home | index
A Walk Among The Tombstones (2014)
Pulled from the pages of pulp novelist Lawrence Block's gritty and unflinching same-named urban thriller, A Walk Among the Tombstones drops an uneasy Scudder into an unraveling and escalating psychological game of cat and mouse against a duo of brash serial thrill-killers who kidnapped for ransom and then butchered the wife of vengeful local drug dealer Kenny Kristo (played by Dan Stevens). Scudder soon learns these psychos are using DEA criminal files to cherry pick their victims, and that time is running out before they strike again.
Acclaimed American crime fiction writer Lawrence Block's long-running Matthew Scudder series began in 1976 with The Sins of the Fathers. Block's honours include four Mystery Writers of America Edgar Awards for Best Short Story and his ninth Matthew Scudder novel, A Dance at the Slaughterhouse, won an Edgar for Best Novel in 1992. Published that same year, A Walk Among the Tombstones is reportedly Block's 10th of 18 Scudder potboilers so far.
I had high hopes for this screening. Harrison Ford was apparently cast as Scudder early on, but then Neeson stepped in as pretty much Hollywood's only other obvious shoe-in for playing this fractured and precariously moral aged gumshoe scraping lowlifes off the mean streets of New York City. I expected a kind of Death Wish (1974) redux refined by an author whose fans compared to Raymond Chandler. Plus, loaded up with a ready-made canon of well-received source material to cull from for further film adaptations, A Walk Among the Tombstones looked from the outside like the start of a beautiful franchise. Something to look forward to. Finally. Silly me.
Unfortunately, writer/director Scott Frank's interpretation plays out more like a clichéd prime time manhunt from a bygone era. Neeson's performance is wooden and uncompelling, essentially phoning in a foul-mouthed Robert Mitchum impersonation while relying more on screen caché than anything provided by the script. A Walk Among the Tombstones also tries far too hard to be edgy within the context of emulating '90s crime dramas starring the likes of Brian Cox or Steven Seagal. Quaint and cheesy, it's a filmmaking direction that ultimately wanders completely out of step with a contemporary movie audience accustomed to sharper pacing and fresher plot choices from this noir genre.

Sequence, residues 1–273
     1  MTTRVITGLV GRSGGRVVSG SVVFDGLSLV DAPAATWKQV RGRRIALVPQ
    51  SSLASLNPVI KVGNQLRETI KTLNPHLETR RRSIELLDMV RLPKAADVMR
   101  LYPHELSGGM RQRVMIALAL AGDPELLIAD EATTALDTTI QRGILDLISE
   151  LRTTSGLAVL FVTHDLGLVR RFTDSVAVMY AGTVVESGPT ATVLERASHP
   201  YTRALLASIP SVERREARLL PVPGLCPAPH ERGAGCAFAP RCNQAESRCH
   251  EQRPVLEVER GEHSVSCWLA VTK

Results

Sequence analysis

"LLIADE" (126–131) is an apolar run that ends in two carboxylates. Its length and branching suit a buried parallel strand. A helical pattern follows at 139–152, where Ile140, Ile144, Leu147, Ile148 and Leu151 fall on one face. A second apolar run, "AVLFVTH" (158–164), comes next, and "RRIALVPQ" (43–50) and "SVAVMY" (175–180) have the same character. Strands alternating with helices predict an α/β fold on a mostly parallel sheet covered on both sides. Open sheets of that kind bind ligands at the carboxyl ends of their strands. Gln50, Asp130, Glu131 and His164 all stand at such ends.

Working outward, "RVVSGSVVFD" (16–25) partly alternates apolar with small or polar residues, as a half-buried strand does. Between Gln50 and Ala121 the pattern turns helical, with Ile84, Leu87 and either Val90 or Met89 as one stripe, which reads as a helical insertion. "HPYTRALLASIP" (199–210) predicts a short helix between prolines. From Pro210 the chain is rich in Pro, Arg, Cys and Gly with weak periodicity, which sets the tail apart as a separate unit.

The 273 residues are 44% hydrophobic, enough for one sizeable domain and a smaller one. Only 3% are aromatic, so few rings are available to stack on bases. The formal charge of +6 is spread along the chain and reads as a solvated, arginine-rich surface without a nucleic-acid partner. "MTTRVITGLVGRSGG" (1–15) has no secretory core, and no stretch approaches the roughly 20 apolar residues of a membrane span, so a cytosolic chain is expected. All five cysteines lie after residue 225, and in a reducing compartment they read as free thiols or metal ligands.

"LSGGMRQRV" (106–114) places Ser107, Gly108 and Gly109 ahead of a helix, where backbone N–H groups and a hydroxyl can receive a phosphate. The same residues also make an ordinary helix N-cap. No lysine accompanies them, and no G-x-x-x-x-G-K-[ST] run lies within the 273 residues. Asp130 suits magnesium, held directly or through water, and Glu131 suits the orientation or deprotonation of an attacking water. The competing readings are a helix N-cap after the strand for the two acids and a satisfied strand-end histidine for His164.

On the up-side, Frank makes clever use of cinematographer Mihai Malaimare Jr.'s technical skills in capturing shorthand glimpses of character nuance throughout. One example stylishly demonstrates Scudder's unspoken torment. Another visually reveals how devoid of empathy these killers are - even to each other. It's also fun reliving now-goofy aspects of the last millenniums final year, such as the Y2K scare and TJ's street slang. Sadly, those novelties aren't enough to sustain interest in the over-all uninvested, talent-wasting performances from this cast that are further bogged down by scenes of dull and dated suspense. Even the gory stuff is boring.
It's truly a punch to the gut that A Walk Among the Tombstones is such a butt-dragging big sleep of misfired potential. Yes, Neeson has starred in a lot of entertaining tough guy movies lately but this ain't one of 'em. Do yourself a favour and duck this dud. Reviewed 09/14, © Stephen Bourne, moviequips.ca.
A Walk Among the Tombstones is
rated 14A by the Ontario Film Review Board, citing occasional
gory/grotesque images, coarse language, slurs, sexual references,
nudity in a non-sexual context, illustrated or verbal references
to drugs, alcohol or tobacco, occasional upsetting or disturbing
scenes, substance abuse, sexual innuendo, and violent acts shown
in clear, unequivocal and realistic detail with blood and tissue
damage, and is rated 13+ by la Régie du Cinéma
Stephen Bourne's Movie Quips © Stephen Bourne. Moviequips.ca and moviequips.com are the property of Stephen Bourne. All content of this website is owned by Stephen Bourne, unless obviously not (such as possible reference links, movie synopsis and/or posters featured under the terms of fair use) or attributed otherwise. This website is based in Ottawa, Canada.